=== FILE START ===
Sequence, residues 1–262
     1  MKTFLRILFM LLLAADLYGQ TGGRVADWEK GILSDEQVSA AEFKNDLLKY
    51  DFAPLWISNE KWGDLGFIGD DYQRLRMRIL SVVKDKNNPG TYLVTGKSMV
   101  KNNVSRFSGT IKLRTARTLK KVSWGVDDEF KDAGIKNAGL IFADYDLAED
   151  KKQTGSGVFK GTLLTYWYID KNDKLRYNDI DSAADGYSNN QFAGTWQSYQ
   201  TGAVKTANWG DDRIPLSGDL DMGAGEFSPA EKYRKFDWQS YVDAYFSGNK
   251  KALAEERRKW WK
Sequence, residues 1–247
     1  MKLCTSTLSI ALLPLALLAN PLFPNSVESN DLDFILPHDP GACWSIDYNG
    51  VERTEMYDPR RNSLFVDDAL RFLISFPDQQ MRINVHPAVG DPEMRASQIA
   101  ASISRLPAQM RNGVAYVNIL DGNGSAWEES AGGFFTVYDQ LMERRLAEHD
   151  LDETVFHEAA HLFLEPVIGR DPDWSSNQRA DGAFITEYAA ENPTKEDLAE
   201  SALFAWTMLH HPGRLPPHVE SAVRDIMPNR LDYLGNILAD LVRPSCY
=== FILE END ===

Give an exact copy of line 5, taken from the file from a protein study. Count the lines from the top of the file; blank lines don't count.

   151  KKQTGSGVFK GTLLTYWYID KNDKLRYNDI DSAADGYSNN QFAGTWQSYQ